28 February 2012. Issue 57 of the "ESPI Perspectives" series presents a case study of space activities in Belgium. The authors draw an elaborate picture of Belgium’s space activities’ governance and funding mechanisms on a national, federal and regional level. They then analyse the particular role of regional governments in Belgium in supporting space activities.
Belgium’s federal space budget stricto sensu of €183 million is managed by BELSPO, of which €163 million or 89% is channelled via ESA. Science, Technology and Innovation (STI) is a parallel competence in Belgium, divided between the Federal Government, the three Communities and the three Regions. Within STI, International space activities are the exclusive competence of the Belgium Federal Government but space activities performed purely on the national level are a Regional competence. Space governance at the federal level is mainly centralised in BELSPO. On the regional STI level, EWI, DGO6, DGENORS and AEE are the most prominent players involved with space. A wide range of policy areas – a lot of which are regional competences – can truly benefit from space assets and derived applications and services. A deeper involvement of the Regions and Communities in the Belgian space efforts (upstream and downstream) in a closer partnership with the Federal Government would be highly beneficial for the country and its policies (national and regional) and contribute to the success of Belgium’s space policy.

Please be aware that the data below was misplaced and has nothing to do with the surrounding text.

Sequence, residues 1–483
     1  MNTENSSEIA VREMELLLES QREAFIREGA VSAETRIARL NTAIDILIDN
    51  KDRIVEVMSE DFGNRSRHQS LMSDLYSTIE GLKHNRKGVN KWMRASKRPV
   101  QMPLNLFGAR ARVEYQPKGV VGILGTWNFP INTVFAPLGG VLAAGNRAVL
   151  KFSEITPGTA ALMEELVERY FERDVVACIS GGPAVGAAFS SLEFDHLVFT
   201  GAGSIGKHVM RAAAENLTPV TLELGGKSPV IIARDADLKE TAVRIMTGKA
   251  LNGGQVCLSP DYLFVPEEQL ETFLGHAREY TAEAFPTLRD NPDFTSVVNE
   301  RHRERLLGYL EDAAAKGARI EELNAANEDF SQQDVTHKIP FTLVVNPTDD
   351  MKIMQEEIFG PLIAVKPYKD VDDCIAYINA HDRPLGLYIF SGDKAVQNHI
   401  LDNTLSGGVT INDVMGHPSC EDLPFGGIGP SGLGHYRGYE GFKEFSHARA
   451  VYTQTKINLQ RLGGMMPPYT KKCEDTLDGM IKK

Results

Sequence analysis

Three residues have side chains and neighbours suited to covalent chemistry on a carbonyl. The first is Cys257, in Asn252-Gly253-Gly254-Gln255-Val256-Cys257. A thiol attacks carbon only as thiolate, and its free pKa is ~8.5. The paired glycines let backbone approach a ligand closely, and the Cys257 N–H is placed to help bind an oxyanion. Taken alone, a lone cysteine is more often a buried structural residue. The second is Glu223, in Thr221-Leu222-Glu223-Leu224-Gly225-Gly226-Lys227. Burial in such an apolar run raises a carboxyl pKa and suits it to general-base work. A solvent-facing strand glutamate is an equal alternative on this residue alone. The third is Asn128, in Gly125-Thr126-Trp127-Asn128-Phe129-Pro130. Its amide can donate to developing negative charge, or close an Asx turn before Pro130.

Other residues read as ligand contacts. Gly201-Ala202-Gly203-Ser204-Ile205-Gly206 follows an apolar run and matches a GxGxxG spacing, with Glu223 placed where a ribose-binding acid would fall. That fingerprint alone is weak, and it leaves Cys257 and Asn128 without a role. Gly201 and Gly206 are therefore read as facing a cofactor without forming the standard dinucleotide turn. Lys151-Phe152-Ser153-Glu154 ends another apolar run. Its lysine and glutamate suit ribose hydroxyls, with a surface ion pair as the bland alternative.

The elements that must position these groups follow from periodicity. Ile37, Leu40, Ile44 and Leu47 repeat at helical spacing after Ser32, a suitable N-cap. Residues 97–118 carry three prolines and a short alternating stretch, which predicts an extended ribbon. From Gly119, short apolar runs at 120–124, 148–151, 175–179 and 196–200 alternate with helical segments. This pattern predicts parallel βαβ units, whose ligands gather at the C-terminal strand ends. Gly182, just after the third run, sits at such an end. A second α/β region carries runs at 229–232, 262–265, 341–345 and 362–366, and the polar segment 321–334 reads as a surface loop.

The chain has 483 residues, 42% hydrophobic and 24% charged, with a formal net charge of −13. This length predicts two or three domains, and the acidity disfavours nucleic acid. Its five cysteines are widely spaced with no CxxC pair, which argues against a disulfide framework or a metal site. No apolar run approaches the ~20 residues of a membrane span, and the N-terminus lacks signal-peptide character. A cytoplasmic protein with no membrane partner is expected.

Maarten Adriaensen, co-author of “ESPI Perspectives 57”
Maarten Adriaensen is young graduate trainee at the European Space Agency (ESA) in Paris, in the Policies Department, in the Office for Coordination and Business Development with Member States. He is performing research, in assistance of Philippe Erhard and Stefania Barbieri, in the coordination at corporate level of the Agency’s policies and actions towards Member States and Associate States. In this regard, Maarten is currently investigating the role of the local and regional authorities in space governance and the potential development of partnerships between ESA and European regions. Before, he was research intern at the European Space Policy Institute (ESPI) in Vienna and coordinative assistant at the Master of Space Studies Programme at the Universities of Leuven and Ghent. He has obtained degrees in Space Studies, European Studies, Law and History.